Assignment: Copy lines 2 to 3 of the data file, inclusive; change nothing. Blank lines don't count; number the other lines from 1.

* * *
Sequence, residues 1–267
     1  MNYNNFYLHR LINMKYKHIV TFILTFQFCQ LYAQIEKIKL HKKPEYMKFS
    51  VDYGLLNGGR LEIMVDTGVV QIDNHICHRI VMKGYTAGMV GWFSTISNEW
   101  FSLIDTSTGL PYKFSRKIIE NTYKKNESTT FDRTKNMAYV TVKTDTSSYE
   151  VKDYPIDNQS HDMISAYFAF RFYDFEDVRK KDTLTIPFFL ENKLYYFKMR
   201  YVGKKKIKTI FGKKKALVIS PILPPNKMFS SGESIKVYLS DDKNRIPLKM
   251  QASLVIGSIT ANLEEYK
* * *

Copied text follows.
     1  MNYNNFYLHR LINMKYKHIV TFILTFQFCQ LYAQIEKIKL HKKPEYMKFS
    51  VDYGLLNGGR LEIMVDTGVV QIDNHICHRI VMKGYTAGMV GWFSTISNEW